One of the tougher players to get a handle on in this draft is Oregon LB Dion Jordan. Physically, he's as exciting a prospect as there is in this class. He's 6-6, 250 with 34 inch arms that give him fantastic reach. You'll struggle to find any player in college or the pros who is more prototypically built to play in these hybrid 3-4/4-3 systems we're seeing in the NFL.
However, how he's built and how he plays are two different things. Despite his tools as a pass rusher, Jordan has not put up gaudy sack stats. He had just 5 last year, which is not exactly the production you're looking for from a guy you're considering taking with a top 10 pick. Some of that is due to the scheme and what he was asked to do (namely be in coverage more often) but still you probably would have liked to see him fill the stat sheet a bit more.
That said, he's still a favorite of draft pundits who despite the production, project him as the best pass rusher in the class.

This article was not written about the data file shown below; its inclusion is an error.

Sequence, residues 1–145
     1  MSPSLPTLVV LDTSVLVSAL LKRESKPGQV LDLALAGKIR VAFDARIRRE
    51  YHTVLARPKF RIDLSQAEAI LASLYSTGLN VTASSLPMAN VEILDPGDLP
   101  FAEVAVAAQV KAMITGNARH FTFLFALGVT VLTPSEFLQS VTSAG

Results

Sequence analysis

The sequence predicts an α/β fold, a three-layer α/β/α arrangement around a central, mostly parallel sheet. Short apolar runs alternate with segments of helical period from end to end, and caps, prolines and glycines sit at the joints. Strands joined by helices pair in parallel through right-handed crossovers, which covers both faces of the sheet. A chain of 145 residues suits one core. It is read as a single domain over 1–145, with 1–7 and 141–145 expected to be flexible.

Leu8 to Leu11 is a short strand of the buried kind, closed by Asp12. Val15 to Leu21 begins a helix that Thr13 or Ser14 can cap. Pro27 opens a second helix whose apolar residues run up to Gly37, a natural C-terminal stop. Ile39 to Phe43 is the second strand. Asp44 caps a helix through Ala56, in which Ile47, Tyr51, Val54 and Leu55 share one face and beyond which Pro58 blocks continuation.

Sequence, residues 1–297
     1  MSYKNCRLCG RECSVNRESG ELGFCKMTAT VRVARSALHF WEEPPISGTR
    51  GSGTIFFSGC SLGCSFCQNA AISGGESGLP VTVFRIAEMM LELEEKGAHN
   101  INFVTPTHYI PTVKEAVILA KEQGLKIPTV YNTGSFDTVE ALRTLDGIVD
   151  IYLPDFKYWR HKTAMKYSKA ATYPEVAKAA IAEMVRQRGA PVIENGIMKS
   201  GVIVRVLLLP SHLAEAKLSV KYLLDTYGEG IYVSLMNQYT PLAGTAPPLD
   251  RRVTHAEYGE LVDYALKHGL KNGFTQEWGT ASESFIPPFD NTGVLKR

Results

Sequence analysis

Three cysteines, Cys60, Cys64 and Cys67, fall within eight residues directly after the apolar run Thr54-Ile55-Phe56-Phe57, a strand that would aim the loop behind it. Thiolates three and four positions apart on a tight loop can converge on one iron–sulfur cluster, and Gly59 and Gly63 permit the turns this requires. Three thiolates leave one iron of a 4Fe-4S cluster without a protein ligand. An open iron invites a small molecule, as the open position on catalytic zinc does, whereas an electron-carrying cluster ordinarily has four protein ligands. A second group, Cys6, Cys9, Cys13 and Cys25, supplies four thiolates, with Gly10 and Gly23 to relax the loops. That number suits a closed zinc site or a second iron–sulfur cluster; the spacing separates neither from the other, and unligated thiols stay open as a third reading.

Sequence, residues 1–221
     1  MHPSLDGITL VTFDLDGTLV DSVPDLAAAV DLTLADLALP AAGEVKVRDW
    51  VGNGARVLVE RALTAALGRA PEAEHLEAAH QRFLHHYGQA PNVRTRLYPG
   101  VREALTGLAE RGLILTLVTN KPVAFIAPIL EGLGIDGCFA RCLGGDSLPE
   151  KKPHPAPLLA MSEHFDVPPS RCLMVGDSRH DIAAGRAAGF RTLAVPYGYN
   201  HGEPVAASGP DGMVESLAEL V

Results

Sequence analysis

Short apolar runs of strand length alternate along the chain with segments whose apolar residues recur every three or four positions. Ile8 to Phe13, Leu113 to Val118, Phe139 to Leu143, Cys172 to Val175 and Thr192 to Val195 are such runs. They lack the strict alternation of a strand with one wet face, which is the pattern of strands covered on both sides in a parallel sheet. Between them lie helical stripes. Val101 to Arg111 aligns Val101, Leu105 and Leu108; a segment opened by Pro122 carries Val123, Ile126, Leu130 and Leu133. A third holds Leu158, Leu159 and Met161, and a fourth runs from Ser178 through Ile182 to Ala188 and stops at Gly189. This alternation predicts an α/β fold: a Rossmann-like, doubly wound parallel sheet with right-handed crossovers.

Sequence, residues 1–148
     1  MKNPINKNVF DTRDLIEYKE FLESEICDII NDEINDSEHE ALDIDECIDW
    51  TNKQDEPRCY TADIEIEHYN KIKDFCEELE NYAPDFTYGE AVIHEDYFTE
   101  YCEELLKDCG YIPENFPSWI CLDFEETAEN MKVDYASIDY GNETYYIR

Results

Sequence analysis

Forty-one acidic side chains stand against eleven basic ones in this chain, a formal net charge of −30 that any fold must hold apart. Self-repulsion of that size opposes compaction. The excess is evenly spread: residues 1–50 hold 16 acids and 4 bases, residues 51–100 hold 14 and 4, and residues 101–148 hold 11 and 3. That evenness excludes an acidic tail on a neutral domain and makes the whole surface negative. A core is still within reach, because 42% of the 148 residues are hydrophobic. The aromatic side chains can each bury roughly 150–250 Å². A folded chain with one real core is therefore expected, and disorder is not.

"With Dion Jordan, I truly believe he can be the best pass‑rusher in this class when it's all said and done," said ESPN's Todd McShay. "I also think what makes him rare or separates him from a lot of guys is his ability to drop coverage. You just don't see many guys, I haven't, that are 6'6″, 248 LBs, that can swivel their hips and change directions and do the things that he can do and has the awareness in space that he has."
"Those long arms help him get to the quarterback when he's close, and he closes as fast as any edge rusher in this class. So I would put him ahead of all those other guys, Ansah, Mingo, and anybody else in terms of his ability and potential as an edge rusher at the next level."
Mike Mayock also loves Jordan's potential but still thinks he's going to need time to develop.
"I think is two years away from being an Aldon Smith-type player," said Mayock said. "He's got frightening athletic skills, and he's a year away. He would be a situational pass rusher year one. And if he puts 20 pounds on, I think he's going to be a perennial all-pro. I really like the kid. But again, that's a little bit of a risk-reward. You're betting on this kid two years from now."
Howie Roseman has previously said that the Eagles pick at #4 won't be a "project" type guy. He's going to be ready to step in and play right away. Does Dion Jordan fit that profile?